The Mara has long been the image of Africa. It is hauntingly beautiful, wild and largely untamed land with vast, open plains that roll on for hundreds of square miles. I was struck when I first came here by the way the Maasai seem to glide across each blade of grass, their feet barely touching the ground.
Instead of the constant critiquing and debating (and, ahem, blog posting), shouldn't we all be a little embarrassed that this movie is so popular? The movie posters boast that it is a "global phenomenon", and, based on the volume of discussion, media coverage and blatant outrage that this movie has sparked, I am starting to actually believe this to be true.
Without love our empathy always falls short, and without full-bodied empathy we cannot act in true selflessness, consequently, we will not fix the deep seated issues we face as a species. It makes sense that unless we reclaim love from its hegemonic interpretations, in order to love ourselves, to love others and to love planet, our work for social change will always be burdened.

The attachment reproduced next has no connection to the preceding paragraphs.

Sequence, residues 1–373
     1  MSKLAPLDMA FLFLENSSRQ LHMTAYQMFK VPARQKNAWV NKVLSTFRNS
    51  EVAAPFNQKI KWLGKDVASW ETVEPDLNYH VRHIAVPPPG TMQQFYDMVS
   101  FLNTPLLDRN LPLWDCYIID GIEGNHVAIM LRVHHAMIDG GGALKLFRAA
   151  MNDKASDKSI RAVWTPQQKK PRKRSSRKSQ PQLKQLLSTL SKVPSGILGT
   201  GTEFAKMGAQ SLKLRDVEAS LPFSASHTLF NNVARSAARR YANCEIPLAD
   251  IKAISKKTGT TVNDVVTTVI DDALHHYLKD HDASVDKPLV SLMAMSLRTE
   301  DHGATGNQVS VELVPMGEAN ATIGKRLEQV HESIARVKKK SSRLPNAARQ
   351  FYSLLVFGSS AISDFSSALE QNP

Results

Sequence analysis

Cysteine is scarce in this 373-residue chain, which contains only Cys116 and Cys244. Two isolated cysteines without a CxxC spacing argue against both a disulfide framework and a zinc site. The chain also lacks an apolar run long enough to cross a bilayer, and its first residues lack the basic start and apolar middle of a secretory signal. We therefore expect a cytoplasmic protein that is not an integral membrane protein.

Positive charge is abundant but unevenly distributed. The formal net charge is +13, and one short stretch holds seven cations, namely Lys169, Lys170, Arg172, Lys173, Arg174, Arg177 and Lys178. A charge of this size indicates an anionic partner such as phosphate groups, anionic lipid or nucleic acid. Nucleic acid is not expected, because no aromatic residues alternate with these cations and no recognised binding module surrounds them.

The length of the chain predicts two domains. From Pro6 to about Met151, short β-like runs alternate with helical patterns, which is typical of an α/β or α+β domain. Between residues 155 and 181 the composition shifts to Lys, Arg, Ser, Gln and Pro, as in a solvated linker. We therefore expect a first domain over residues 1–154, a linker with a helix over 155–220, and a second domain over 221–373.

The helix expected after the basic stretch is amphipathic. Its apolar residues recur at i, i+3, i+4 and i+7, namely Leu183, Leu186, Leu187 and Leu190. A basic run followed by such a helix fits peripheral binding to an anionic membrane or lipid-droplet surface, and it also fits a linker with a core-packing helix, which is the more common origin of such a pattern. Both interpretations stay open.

I hope that your heart-shaped selection box doesn't give you the runs. I hope that this weekend you and your loved one collaborate on a magnum opus of love poetry that would put literary greats like John Keats and Mick Hucknall to shame. But, really, don't you think it's time we stopped enabling Valentine's Day?
V-Day for women is all about one-upmanship: "I see your hot air balloon ride and I raise you a hundred red roses!" Unless your proposal was sung to you by a large Disney flashmob atop a mountain at sunrise, you've essentially lost at Valentine's Day. That £200 Pandora necklace is just not going to cut it, my friend. Better luck next year.
Many people are justifiably cynical of Valentine's Day and regard it as a marketing ploy by retailers to shift stocks of over-priced cards, chocolates and flowers. And let's not forget those who would dearly love to shower their special someone with gifts or treats but have no spare money for extra presents.